Search Evasion Techniques
Names, Techniques, Definitions, Keywords
24 item(s) found so far for this keyword.
Virtualization/Sandbox Evasion: Time Based Evasion Defense Evasion [Mitre]
Adversaries may employ various time-based methods to detect and avoid virtualization and analysis environments. This may include enumerating time-based properties, such as uptime or the system clock, as well as the use of timers or other triggers to avoid a virtual machine environment (VME) or sandbox, specifically those that are automated or only operate for a limited amount of time. …
Hook Injection Process Manipulating
Hook injection is a technique used by malware to alter the behavior of internal functions in an operating system or application. This is typically achieved by inserting malicious code into existing function calls, allowing the malware to intercept and manipulate the normal flow of execution.
In the case of Windows, the
SetWindowsHookEx function can be used by programs to install …
Ctrl+Inject Process Manipulating
The "Control Signal Handler Callback" technique involves injecting malicious code into a process by using a callback function for control signal handlers. When a control signal, such as Ctrl+C, is received by a process, the system creates a new thread to execute a function to handle the signal. This thread is typically created by the legitimate process "csrss.exe" in the …
Obfuscated Files or Information: Dynamic API Resolution Defense Evasion [Mitre]
Adversaries may obfuscate then dynamically resolve API functions called by their malware in order to conceal malicious functionalities and impair defensive analysis. Malware commonly uses various Native API functions provided by the OS to perform various tasks such as those involving processes, files, and other system artifacts.
API functions called by malware may leave static artifacts such as strings in …
Evasion using direct Syscalls Antivirus/EDR Evasion
In the Windows operating system, conventional malware frequently utilizes strategies involving the invocation of specific functions from the kernel32.dll library, such as
CreateThread. A closer inspection of the call stack reveals that the functions employed from kernel32.dll eventually trigger corresponding functions within the ntdll.dll library. This is facilitated by the ntdll.dll library, which serves …
Debugger Evasion Defense Evasion [Mitre]
Adversaries may employ various means to detect and avoid debuggers. Debuggers are typically used by defenders to trace and/or analyze the execution of potential malware payloads.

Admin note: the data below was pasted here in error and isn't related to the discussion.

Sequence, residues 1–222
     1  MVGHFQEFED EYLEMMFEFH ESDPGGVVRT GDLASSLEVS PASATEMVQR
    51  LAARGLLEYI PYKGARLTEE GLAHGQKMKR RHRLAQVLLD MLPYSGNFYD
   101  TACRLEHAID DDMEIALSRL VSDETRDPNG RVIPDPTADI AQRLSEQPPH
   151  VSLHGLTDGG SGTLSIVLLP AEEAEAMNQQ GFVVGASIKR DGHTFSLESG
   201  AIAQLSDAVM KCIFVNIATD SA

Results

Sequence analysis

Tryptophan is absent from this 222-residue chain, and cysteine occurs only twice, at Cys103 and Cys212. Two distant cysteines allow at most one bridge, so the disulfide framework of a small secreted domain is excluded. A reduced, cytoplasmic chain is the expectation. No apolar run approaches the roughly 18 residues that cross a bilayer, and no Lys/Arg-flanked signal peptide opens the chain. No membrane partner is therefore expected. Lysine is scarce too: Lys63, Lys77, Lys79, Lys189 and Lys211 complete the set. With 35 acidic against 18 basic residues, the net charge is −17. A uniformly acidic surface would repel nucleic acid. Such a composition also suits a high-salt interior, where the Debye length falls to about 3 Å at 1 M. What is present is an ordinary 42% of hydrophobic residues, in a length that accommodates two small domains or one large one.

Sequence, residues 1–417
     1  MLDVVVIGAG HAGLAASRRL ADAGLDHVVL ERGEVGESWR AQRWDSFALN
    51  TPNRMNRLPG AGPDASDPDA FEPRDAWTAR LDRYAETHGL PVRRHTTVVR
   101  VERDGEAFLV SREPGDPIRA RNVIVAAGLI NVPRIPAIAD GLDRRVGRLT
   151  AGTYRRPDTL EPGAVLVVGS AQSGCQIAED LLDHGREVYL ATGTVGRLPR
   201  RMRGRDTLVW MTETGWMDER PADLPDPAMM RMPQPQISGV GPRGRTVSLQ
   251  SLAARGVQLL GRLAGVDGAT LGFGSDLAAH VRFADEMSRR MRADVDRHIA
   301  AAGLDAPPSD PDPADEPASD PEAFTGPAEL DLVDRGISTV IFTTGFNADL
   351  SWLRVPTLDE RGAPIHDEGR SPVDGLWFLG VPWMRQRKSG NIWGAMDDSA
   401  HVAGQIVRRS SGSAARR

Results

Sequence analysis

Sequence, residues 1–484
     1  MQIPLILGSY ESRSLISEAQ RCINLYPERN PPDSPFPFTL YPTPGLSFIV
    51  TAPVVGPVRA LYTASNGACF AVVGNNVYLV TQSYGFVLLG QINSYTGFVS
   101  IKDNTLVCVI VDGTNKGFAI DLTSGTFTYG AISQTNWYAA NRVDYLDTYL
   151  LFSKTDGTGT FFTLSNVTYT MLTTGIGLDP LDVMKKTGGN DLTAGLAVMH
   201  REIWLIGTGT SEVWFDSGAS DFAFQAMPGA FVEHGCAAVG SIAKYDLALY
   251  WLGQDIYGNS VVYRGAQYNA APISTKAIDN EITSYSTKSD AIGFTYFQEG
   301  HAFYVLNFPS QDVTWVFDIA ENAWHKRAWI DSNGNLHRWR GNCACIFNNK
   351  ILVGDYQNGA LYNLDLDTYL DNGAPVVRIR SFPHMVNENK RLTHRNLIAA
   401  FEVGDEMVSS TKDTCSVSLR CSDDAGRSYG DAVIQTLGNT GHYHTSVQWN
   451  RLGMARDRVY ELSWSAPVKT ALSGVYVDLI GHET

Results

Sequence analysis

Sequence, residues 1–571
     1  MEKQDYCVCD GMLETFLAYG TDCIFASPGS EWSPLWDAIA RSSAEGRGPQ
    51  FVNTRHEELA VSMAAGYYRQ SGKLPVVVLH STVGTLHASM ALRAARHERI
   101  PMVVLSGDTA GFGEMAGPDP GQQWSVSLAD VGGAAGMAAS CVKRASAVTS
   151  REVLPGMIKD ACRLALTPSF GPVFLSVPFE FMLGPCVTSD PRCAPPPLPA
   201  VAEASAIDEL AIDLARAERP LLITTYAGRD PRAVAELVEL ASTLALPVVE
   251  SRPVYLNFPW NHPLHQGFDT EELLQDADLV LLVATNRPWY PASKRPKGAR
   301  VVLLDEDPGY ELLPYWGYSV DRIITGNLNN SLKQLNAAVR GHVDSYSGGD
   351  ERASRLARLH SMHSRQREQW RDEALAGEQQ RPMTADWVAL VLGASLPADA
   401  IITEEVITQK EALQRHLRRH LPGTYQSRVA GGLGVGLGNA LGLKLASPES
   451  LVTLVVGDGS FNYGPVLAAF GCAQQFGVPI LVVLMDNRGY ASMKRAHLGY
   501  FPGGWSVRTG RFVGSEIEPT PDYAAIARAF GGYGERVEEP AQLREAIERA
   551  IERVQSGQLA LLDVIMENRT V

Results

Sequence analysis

Debugger evasion may include changing behaviors based on the results of the checks for the presence of artifacts indicative of a debugged environment. Similar to Virtualization/Sandbox Evasion, if the adversary detects a debugger, they …
COM Hijacking Process Manipulating
COM hijacking is a technique used by adversaries to insert malicious code into the Windows operating system through the Microsoft Component Object Model (COM).
COM is a system that allows software components to interact with each other, and adversaries can abuse this system to execute their own code in place of legitimate software. To achieve this, they alter references and …
Querying the I/O Communication Port Sandbox Evasion
VMware uses virtual I/O ports for communication between the virtual machine and the host operating system to support functionality like copy and paste between the two systems. The port can be queried and compared with a magic number VMXh to identify the use of VMware.
Rootkit Defense Evasion [Mitre]
Adversaries may use rootkits to hide the presence of programs, files, network connections, services, drivers, and other system components. Rootkits are programs that hide the existence of malware by intercepting/hooking and modifying operating system API calls that supply system information.
Rootkits or rootkit enabling functionality may reside at the user or kernel level in the operating system or lower, to …
DNS API Injection Process Manipulating
DNS API injection is a technique used by malware to evade detection by intercepting and modifying DNS (Domain Name System) requests made by a host system. The technique involves injecting code into the DNS API (Application Programming Interface) of the host system, which is a set of functions and protocols that allow communication with the DNS service. By injecting code …